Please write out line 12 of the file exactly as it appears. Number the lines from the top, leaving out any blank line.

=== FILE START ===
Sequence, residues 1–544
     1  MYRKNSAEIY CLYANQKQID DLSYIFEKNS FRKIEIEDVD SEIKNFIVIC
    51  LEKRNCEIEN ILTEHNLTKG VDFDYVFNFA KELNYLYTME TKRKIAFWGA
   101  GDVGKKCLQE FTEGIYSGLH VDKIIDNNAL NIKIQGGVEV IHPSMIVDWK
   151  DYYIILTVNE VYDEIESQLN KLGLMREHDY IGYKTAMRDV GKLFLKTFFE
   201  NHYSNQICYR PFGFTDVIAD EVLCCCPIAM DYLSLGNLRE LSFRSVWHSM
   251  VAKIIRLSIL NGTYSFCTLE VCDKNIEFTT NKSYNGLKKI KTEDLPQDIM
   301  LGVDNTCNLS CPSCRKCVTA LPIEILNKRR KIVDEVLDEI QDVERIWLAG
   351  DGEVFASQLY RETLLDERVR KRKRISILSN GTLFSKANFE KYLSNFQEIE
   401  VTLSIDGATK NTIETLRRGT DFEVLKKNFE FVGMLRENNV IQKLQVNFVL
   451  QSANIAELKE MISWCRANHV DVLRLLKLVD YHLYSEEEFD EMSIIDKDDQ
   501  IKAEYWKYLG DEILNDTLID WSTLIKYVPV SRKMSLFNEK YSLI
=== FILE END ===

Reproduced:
   501  IKAEYWKYLG DEILNDTLID WSTLIKYVPV SRKMSLFNEK YSLI